Traditional birth attendants holding up kits

Links:

May 21, 2013

Help 1 million women and babies in Nigeria live

10% of the total global deaths of under 5 years old is in Nigeria. This is a country that needs your help.

Your donations are supporting our midwifery programs that give lifesaving information in a country with 1 million children dying under 5 annually. The Maternal Mortality Ratio in Nigeria is 840 : 100,000 and as mentioned previously the provision of birthing kits addresses only  one small aspect of what is killing the women and babies. To really have a sustainable solution in a community they need to be educated about all other aspects of health, hygiene, nutrition and midwifery.

Your donation has helped the Birthing Kit Foundation work with Sweet Mother International(SMI) to distribute its clean birthing kits along with local health training programs. In April this year SMI distributed 400 birthing kits at a seminar. They worked in collaboration with Lafia Hospital Apata Ibadan. Marton of Lafia Hospital is a community health worker of 23 years, who sensitised the 40 community birth attendants to the objectives and benefits of the kits. After the training each woman is given 7 kits to start with, knowing they can get top ups when needed as the supply is ongoing.

Another similar program was held at the Primary Health Care Centre Byazhin, Bwari Area council FCT Abuja in Nigeria. Here SMI worked with the Citizens Health Education and Development Initiative to hold its health training program. Many guests were at the opening of the program including the village heads of the 10 communities in Byazhin, nurses, TBA representatives and many pregnant and nursing mothers. Here the message is for the women to give birth at the hospital or clinic, however, if it is impossible to get the birthing mother to a clinic then a birthing kit supplies the basics for their clean birth. They have found that many deaths can be avoided by education and directing the pregnant mothers to the hospital or clinic with plenty of time. Much of the training is on prevention of malaria, prevention of HIV, hygiene, nutrition and responsible pregnancies and contraception.

We also partner with Rotary International, where 4,700 birthing kits were handed to the polio campaign coordinators for distribution within the northern states of Kano, Kaduna, Katsina and Borno as well as the southern state of Imo. These birthing kits were distributed in November and December 2012 to birth attendants in rural areas. 3,000 birthing kits were also distributed in April 2013 to the 20 selected hospitals participating in the Maternal and Child Health Project. These birthing kits are stored in the health facilities and will be distributed to Skilled Birth Attendants in the surrounding communities when they are trained by project midwives.

As Nigeria is such a high risk country for maternal and child health it will continue to be a priority country for the foundation.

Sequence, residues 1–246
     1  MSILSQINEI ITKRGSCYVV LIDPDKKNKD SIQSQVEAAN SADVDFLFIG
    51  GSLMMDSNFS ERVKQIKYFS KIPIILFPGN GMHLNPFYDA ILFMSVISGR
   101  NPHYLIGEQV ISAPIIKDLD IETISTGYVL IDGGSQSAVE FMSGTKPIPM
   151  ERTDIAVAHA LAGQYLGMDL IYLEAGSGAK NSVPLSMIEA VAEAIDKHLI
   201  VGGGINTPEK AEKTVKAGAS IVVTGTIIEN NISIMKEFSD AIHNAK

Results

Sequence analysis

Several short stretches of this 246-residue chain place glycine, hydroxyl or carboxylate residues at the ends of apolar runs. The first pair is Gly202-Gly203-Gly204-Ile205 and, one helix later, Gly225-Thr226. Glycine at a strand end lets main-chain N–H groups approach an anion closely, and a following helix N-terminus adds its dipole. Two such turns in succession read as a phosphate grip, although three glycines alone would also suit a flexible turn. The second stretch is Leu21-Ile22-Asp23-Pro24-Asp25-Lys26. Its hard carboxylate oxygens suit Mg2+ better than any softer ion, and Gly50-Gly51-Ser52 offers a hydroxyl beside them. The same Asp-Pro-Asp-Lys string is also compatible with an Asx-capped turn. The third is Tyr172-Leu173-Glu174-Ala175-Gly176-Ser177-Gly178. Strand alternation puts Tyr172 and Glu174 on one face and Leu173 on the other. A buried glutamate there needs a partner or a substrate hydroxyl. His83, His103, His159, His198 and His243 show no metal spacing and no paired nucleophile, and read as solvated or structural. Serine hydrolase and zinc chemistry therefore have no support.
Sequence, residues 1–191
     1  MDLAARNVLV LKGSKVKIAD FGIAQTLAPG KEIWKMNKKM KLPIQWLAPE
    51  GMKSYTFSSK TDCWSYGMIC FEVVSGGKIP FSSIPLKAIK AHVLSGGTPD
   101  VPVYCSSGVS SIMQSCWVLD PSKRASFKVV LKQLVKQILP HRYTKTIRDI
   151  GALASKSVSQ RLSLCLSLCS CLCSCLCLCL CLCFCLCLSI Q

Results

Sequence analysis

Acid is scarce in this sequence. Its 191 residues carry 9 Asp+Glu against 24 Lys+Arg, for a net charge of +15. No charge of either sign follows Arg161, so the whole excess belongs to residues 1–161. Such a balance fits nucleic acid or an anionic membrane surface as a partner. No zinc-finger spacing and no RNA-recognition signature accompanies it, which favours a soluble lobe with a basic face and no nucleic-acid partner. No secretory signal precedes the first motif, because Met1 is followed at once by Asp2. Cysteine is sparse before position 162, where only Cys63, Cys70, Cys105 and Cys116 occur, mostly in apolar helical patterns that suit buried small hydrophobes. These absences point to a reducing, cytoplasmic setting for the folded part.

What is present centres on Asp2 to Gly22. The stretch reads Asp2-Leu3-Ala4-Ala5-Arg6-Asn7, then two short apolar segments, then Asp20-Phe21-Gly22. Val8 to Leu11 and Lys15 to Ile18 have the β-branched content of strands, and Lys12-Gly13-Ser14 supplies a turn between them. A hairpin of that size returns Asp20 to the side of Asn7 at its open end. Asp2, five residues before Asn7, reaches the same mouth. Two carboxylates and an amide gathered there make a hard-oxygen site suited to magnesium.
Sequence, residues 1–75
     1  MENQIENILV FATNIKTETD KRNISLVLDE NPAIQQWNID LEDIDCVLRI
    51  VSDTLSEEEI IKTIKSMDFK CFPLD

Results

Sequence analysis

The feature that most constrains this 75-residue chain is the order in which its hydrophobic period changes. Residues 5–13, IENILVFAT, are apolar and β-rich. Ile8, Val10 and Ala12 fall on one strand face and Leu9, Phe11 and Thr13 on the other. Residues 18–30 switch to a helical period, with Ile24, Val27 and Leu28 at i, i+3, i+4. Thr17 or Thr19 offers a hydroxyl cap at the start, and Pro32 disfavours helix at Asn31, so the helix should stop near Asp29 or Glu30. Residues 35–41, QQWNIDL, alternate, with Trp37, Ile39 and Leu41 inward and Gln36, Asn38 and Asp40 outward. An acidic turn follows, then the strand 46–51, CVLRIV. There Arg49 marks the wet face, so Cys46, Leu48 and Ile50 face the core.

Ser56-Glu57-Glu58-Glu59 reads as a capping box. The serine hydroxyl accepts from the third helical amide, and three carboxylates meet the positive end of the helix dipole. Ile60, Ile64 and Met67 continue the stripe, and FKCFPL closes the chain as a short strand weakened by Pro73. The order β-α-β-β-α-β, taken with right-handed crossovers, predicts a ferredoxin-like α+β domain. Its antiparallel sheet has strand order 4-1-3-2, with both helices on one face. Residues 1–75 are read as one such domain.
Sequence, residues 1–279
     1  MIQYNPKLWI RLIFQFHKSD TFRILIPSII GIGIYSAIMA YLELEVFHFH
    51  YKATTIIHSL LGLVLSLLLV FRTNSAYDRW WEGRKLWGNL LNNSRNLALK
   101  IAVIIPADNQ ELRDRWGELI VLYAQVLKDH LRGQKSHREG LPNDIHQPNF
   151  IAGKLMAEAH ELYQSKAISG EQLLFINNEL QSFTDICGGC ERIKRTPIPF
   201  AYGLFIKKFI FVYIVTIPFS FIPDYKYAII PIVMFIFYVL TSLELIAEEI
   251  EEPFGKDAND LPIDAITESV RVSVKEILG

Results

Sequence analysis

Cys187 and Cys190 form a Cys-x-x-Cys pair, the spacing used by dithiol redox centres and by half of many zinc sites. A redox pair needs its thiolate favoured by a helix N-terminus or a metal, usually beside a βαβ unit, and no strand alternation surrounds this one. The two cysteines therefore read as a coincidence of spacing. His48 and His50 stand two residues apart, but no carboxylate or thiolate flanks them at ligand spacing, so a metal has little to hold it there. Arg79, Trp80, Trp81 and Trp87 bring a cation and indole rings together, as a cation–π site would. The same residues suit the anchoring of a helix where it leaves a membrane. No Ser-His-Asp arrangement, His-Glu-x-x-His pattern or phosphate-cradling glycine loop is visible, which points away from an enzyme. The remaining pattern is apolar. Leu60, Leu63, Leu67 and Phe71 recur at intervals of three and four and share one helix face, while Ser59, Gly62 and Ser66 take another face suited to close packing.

Feb 15, 2013

Help needy women in Ethiopia make birthing kits

An Afar girl who will one day use a  birthing kit
An Afar girl who will one day use a birthing kit

Success!!!  3 organisations in Ethiopia are now make their own birthing kits, while providing an income for disadvantaged women.

Over 30,000 birthing kits were made locally in Ethiopia.

The program targets impoverished women who earn an income while assembling kits so as to become more independent.

A recent monitoring visit in November 2012 by two BKFA directors reinforced the success of this program that spreads across Ethiopia to the Afar, Tigray and central regions.

Thank you for making it possible for women in these regions to look after their own women and babies – sustainability is being achieved.

Desta Mender is an extension of the Hamlin Fistula Hospital. It is where women with untreatable fistulas from severe childbirth injury, live in beautiful surroundings and now call home.  The production of their 10,000 kits was part of the re-integration program for 5 women who were each paid 5000 Birr. They formed the “Birthing Kit Club” with the aim to make them financially independent. As the project coordinator writes “we have learnt that they are waiting for the second phase with bated breath”       

At Abraham’s Oasis in Tigray region there is one qualified nurse and one vulnerable woman, who are assembling the kits and being paid 350 Birr per month. They are employing an extra helper to finish the making of their 10,000 kits in time.

In the Afar region Valerie Browning through the Afar Pastoralist Development Association organised for 10,000 kits to be made. Similarly local people were employed to make the kits. To accompany this there was also extra training of the Health Extension Workers with 73 from 36 kabelles attending a 1 day course – again funded by the BKFA.

The Foundation again thanks its supporters who have enabled us to initiate early sustainability through 3 partner organisations to large sections of Ethiopia.

Mother and baby inside their home
Mother and baby inside their home